‘Operation failed’: Details emerge on Israeli covert op gone awry
Botched Israeli undercover mission in Gaza Strip in November 2018 attempted to infiltrate Hamas’s communications.
New details have emerged about a botched Israeli intelligence operation in the Gaza Strip in November 2018 that sparked deadly Israeli air strikes and Palestinian rocket fire.
Eight undercover Israeli agents – who were disguised as Palestinians and had taken the aliases of a real family in Gaza – entered the coastal enclave on November 11 last year with the objective of planting listening devices on Hamas’s private communications system, an investigation by Al Jazeera Arabic’s Ma Khafia Aazam (Tip of the Iceberg) programme revealed.
However, the Israelis were stopped and questioned by a Hamas patrol unit in Khan Younis for 40 minutes and became suspicious of their answers. A firefight broke out and the Israeli operatives used guns with silencers, immediately killing Hamas commander Nour Baraka and one of his aides, Mohammed al-Qarra.
The head of the Israeli undercover unit, named for the first time as “Meni”, was also killed.
Aired on Sunday, the programme revealed the undercover Israeli operatives to be part of the Sayeret Matkal unit, which was established in 1957 to amass intelligence behind enemy lines.
Audio recordings of the eight undercover Israeli agents during the firefight were also broadcast for the first time. One voice is heard in Hebrew asking his fellow operative “Umm Mohammed” where the weapons are, while another administers first aid to the wounded unit chief.
Israeli warplanes then pounded the Khan Younis area with air attacks to give the unit cover to escape back into Israel, where they were evacuated by a helicopter.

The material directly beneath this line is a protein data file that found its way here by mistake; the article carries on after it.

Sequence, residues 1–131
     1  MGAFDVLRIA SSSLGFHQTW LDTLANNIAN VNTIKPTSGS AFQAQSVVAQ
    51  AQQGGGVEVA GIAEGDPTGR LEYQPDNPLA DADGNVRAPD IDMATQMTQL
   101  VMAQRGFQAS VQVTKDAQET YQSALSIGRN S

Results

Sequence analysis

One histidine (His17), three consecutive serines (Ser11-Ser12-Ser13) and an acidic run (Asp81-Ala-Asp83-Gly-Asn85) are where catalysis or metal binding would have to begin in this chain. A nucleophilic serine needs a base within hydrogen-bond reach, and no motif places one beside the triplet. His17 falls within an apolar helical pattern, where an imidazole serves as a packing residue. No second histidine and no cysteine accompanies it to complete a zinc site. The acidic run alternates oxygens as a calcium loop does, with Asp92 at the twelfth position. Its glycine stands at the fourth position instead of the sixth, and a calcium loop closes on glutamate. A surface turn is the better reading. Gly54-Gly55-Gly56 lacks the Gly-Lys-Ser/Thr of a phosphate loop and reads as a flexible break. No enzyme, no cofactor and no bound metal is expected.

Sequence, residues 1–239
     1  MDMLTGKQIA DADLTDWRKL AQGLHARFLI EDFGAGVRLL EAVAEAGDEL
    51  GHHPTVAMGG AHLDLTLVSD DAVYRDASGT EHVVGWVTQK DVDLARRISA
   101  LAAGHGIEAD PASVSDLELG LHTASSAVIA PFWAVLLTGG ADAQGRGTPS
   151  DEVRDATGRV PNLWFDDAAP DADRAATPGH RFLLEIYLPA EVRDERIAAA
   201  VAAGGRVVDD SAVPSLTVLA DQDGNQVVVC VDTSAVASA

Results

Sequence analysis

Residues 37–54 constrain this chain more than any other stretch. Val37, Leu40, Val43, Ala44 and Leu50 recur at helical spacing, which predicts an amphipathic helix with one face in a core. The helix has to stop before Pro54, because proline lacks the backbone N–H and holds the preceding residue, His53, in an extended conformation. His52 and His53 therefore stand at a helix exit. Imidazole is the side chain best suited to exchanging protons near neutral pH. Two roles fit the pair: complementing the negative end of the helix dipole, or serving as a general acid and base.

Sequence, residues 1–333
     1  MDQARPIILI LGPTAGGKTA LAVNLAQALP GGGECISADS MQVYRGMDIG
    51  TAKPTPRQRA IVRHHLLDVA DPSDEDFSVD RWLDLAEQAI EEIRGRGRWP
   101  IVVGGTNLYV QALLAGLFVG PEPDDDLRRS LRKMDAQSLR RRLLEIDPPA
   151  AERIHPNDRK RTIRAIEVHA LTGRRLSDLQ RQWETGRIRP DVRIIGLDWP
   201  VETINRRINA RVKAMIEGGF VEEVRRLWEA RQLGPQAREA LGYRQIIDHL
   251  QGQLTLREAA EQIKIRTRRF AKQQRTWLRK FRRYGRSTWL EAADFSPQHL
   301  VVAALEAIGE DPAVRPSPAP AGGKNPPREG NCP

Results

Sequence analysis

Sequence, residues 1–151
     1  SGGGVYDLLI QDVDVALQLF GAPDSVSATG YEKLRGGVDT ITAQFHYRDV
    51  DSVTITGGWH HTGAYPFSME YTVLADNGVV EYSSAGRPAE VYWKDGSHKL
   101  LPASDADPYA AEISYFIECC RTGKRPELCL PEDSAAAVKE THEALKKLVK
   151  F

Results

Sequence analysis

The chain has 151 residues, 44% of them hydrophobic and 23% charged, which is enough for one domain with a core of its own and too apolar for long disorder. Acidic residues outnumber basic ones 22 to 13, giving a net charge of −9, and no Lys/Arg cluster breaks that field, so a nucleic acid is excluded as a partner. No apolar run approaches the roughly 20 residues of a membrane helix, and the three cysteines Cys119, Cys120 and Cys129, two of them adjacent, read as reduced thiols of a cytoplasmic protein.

Israel paid a ‘high price’
“The operation itself failed, there’s no doubt about it,” Amir Oron, an Israeli military analyst, told Al Jazeera. “When you send someone [on a secret mission] you do not want the other side to know of it all.”
Hamas confiscated the blue van the unit travelled in as well as the fake Palestinian ID cards.
Engineers from Hamas’s armed wing, the Izz al-Din Qassam Brigades, were able to eavesdrop on the Israeli unit and control their recordings, enabling them to identify members, their training places and specific roles, the report said.
Exclusive footage provided by the Qassam Brigades showed members of their communications unit, which oversees the security and operation of the private network from an underground tunnel.
The engineers also uncovered an Israeli spying system planted by agents underground in the Zuwaida area in central Gaza. Qassam members managed to disable the intelligence-gathering device, but several were killed in the process as it was fitted with an explosive device.
Investigations by Hamas found the Israeli unit used spyware and drilling equipment that entered Gaza under the cover of an international humanitarian organisation called Humedica.
Abu Yahya, an investigator in the Qassam intelligence service, said a man called Joao Santos – carrying a Portuguese passport and posing as a humanitarian worker – brought the equipment in after crossing through the Erez checkpoint.
“The price that Israel paid was high,” Israeli journalist and commentator Yossi Melman said. “It failed and did not achieve its mission.”
The botched operation resulted in the deadliest escalation since the 2014 war on the coastal enclave by Israel. In total, seven Palestinians were killed during the same evening of the undercover Israeli raid.
The following two days witnessed heavy fighting between Hamas and Israel, which raised fears of a fourth Israeli military offensive on the strip since 2008.
Seven more Palestinians were killed on November 13, 2018, as Israel targeted a number of residential and government-owned buildings. However, a ceasefire was brokered by Egypt that same day.
Avigdor Lieberman, Israel’s then defence minister, resigned in protest, which Hamas viewed as a “political victory for Gaza”.